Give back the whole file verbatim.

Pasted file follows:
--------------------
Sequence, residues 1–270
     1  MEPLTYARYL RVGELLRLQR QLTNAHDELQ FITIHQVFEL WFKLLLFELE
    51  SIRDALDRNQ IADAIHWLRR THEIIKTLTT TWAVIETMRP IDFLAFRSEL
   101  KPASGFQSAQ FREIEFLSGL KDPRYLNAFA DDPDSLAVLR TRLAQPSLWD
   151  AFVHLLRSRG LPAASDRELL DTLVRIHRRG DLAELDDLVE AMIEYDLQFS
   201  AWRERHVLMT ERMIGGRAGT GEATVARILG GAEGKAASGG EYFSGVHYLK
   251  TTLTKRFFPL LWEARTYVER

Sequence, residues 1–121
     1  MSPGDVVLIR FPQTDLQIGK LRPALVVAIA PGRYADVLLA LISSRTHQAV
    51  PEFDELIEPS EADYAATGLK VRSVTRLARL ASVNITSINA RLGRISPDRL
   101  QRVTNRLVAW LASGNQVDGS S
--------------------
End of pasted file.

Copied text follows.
Sequence, residues 1–270
     1  MEPLTYARYL RVGELLRLQR QLTNAHDELQ FITIHQVFEL WFKLLLFELE
    51  SIRDALDRNQ IADAIHWLRR THEIIKTLTT TWAVIETMRP IDFLAFRSEL
   101  KPASGFQSAQ FREIEFLSGL KDPRYLNAFA DDPDSLAVLR TRLAQPSLWD
   151  AFVHLLRSRG LPAASDRELL DTLVRIHRRG DLAELDDLVE AMIEYDLQFS
   201  AWRERHVLMT ERMIGGRAGT GEATVARILG GAEGKAASGG EYFSGVHYLK
   251  TTLTKRFFPL LWEARTYVER

Sequence, residues 1–121
     1  MSPGDVVLIR FPQTDLQIGK LRPALVVAIA PGRYADVLLA LISSRTHQAV
    51  PEFDELIEPS EADYAATGLK VRSVTRLARL ASVNITSINA RLGRISPDRL
   101  QRVTNRLVAW LASGNQVDGS S